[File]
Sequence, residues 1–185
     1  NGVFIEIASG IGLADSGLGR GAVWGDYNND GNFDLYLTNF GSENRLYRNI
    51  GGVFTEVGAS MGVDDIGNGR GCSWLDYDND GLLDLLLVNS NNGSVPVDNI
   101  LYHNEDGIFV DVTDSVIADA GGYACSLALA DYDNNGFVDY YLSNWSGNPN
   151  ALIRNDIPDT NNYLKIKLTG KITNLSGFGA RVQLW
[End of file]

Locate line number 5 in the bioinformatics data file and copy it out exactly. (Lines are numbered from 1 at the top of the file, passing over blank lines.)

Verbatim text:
   151  ALIRNDIPDT NNYLKIKLTG KITNLSGFGA RVQLW